So if you’re not vaccinated (and boosted), get vaccinated (and boosted). But if you are thrice shot, you should feel comfortable reengaging. Whether that means dining indoors with friends, getting drinks at a bar, or jumping on a plane for a long-delayed trip abroad, public-health advocates (and their allies in the public) shouldn’t make the boosted feel like they’re doing something scandalous by enjoying themselves. They did their part.
Many may choose to continue masking even as mandates fall across the country. The transition will take time for a lot of people, and they should do what makes them feel most comfortable. Others might want to use rapid testing before a large family gathering. And still everyone should live with the expectation that things can always change again should another variant emerge. But the boosted can do things—enjoy the company of other people, attend cultural events, eat in restaurants—even if we do sometimes take these additional precautions.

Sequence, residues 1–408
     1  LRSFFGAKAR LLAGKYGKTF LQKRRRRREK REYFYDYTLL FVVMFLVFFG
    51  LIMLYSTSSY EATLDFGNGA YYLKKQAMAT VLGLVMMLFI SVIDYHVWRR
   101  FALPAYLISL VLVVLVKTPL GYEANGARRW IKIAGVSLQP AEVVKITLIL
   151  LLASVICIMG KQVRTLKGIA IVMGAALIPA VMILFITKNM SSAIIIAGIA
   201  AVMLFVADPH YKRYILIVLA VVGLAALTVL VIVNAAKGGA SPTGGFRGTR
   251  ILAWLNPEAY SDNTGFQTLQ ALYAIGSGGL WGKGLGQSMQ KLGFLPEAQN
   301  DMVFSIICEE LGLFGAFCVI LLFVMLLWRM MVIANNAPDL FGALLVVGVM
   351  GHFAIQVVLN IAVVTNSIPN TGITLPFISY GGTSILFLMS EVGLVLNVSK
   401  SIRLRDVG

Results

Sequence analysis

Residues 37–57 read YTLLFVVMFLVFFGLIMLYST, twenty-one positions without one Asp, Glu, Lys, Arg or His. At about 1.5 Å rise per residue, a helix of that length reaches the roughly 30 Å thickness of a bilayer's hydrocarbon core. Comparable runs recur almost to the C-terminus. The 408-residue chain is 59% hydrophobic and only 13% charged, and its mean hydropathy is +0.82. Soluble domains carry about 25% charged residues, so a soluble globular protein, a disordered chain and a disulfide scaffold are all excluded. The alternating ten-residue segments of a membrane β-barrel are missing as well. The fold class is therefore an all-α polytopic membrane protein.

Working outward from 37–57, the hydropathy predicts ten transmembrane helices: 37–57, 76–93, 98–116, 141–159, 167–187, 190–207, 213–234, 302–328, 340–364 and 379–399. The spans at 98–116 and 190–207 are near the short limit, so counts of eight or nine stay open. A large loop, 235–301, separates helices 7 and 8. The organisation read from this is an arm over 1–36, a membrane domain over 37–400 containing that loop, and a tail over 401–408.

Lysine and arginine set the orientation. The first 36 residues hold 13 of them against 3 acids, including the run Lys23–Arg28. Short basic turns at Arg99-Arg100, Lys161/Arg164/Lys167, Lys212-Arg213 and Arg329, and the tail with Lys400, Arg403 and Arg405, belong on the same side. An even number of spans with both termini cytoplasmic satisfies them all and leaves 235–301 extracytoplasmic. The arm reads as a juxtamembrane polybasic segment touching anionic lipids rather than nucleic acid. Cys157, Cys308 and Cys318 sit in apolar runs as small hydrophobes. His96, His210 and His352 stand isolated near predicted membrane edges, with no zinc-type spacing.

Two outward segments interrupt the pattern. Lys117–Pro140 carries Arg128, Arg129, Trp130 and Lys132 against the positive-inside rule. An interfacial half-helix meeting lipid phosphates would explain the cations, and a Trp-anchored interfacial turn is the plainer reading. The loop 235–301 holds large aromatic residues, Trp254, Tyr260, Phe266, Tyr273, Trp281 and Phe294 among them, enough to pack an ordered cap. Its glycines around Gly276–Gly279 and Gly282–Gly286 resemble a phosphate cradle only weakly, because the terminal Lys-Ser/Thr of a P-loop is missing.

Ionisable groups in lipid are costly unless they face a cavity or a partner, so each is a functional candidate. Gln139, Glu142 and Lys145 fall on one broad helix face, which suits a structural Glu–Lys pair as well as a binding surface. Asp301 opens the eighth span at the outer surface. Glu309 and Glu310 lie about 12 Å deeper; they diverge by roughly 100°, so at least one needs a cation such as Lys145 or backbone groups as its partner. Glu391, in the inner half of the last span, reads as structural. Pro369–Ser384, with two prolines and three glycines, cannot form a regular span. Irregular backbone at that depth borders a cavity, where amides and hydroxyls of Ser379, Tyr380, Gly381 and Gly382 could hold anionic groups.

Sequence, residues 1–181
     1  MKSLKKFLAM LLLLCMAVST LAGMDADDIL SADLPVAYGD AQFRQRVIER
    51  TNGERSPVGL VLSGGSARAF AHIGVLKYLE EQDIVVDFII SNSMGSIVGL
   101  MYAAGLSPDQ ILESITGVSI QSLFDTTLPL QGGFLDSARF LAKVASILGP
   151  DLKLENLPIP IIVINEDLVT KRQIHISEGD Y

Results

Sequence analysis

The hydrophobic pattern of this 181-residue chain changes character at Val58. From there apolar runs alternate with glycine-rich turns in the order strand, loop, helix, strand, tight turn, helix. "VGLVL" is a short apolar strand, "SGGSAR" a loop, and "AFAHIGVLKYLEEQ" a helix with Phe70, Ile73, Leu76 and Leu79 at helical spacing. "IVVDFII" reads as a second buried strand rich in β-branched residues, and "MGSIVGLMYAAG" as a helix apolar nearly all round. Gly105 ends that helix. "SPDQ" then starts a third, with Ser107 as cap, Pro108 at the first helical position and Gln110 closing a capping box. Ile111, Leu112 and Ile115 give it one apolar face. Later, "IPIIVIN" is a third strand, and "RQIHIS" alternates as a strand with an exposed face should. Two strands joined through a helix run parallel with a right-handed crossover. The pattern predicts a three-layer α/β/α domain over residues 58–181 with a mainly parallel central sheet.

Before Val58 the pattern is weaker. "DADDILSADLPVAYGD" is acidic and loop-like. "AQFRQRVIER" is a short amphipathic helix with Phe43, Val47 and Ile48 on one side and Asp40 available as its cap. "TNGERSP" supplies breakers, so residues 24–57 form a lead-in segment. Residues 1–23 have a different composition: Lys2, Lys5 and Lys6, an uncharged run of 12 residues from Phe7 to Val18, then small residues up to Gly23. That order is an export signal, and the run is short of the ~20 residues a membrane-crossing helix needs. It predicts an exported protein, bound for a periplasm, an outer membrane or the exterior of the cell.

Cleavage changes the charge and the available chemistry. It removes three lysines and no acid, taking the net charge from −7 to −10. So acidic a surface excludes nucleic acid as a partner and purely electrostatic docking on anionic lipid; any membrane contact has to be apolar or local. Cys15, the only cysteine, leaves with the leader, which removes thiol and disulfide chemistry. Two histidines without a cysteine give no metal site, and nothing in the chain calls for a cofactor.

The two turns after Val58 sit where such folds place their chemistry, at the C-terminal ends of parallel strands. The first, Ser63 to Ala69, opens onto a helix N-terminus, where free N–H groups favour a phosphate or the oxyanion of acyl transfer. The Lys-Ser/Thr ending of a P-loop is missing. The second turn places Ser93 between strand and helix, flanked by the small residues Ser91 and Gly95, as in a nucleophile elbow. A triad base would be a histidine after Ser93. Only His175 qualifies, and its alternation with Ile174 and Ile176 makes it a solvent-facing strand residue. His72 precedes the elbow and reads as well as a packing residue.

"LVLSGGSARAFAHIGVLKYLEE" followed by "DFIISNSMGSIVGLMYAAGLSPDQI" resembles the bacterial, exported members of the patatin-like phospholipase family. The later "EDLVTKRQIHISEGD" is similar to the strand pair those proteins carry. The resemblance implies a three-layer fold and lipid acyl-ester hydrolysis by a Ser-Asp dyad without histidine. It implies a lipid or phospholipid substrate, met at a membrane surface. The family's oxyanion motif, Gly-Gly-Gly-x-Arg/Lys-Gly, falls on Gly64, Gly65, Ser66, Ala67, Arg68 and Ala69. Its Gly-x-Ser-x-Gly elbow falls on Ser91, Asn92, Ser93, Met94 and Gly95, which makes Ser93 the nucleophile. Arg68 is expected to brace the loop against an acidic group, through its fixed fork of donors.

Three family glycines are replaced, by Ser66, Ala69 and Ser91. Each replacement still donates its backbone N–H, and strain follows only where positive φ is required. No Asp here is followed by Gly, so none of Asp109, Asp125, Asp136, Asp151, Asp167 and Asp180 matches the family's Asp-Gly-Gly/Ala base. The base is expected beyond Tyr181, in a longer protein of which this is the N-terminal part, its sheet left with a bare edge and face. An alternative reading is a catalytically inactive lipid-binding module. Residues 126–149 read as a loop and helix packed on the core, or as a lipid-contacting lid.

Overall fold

In fact, this is exactly how I go about my life now. I work in an emergency room and am constantly exposed to COVID. I test whenever I feel unwell or meet with others, especially those at high risk for COVID’s worst outcomes. I dine and drink with friends indoors. I wear a high-quality mask when one is required and in busy or crowded spaces such as grocery stores. And I change my behaviors in the days before visits to immunocompromised family members to lower the risk. If I ever do test positive, I’ll make sure to isolate in accordance with CDC guidance. I always remember that my actions affect others, and I try to behave responsibly and kindly. But I also know that the future of the pandemic does not depend on vaccinated people like me avoiding getting COVID forever.
So what does it depend on? Here we should look to institutions—both public and private—to do three things: increase vaccinations, reduce spread, and improve treatment options and availability.
On vaccinations, the place where we can have the greatest impact is with the elderly. In the United States, three-quarters of all COVID deaths have been in people ages 65 and older. Yet only 65 percent of this highly vulnerable population has been boosted. As Sarah Zhang recently wrote, that’s a much lower proportion compared with other wealthy countries such as England, where 92 percent of its elderly population has been boosted.